In a 2023 study of participants aged 14-25, 42% exhibited probable eating disorders and 41.7% displayed signs of social media addiction. The findings imply a possible connection between social media use and body image concerns, with societal pressures and unrealistic beauty standards on these platforms playing a role.

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The damaging effects of bulimia

Unfortunately, bulimia nervosa brings about numerous effects that can impact both your physical and psychological well-being. Below are some of the effects categorised into physical and psychological aspects:

Physical effects of bulimia nervosa

Here are the potential physical effects that can arise from bulimia:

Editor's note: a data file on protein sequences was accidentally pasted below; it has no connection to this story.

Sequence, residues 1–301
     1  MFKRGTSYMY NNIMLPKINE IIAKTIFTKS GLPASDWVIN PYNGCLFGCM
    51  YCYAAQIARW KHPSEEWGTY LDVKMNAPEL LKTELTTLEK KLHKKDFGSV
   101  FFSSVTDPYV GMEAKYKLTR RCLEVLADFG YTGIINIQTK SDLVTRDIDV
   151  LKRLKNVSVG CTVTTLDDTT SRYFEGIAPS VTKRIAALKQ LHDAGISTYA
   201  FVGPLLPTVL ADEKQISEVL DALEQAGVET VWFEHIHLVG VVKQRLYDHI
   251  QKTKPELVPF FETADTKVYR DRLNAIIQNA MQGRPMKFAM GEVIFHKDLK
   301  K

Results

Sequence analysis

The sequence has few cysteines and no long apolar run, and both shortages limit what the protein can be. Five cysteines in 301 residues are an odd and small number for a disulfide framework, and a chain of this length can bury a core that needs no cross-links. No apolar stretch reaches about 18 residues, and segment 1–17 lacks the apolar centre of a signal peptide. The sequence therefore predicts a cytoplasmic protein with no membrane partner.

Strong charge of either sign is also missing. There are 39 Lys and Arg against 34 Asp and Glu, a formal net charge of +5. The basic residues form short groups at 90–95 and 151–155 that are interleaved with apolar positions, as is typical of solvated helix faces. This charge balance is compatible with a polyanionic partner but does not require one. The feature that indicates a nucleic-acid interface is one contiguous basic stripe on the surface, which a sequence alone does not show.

• Bloating
  • Swollen hands and feet
  • Trouble sleeping
  • Sore throat and swollen salivary glands
  • Decline in skin condition
  • Damage to vocal cords
  • Stomach pains and gastrointestinal issues
  • Constipation
  • Fatigue
  • Issues with menstruation
  • Electrolyte imbalances
  • Acid reflux
  • Oral health issues
  • Changes to blood sugar levels
  • Nutrient deficiencies
  • Weight fluctuations
  • Dehydration
  • Damage to kidneys
  • Increased risk of heart issues

Psychological effects of bulimia nervosa

Unfortunately, bulimia is associated with a whole range of damaging psychological risks. These include:

  • Distorted perception of body image
  • Increased risk of mental health issues, including anxiety and depression
  • Feeling shame and guilt about eating
  • Lack of confidence and low self-esteem
  • Increased risk of suicidal ideations

It is crucial to recognise that these physical and psychological consequences may lead to irreversible and long-term damage to health. Despite the daunting nature of treatment and recovery, it is entirely possible with the right support.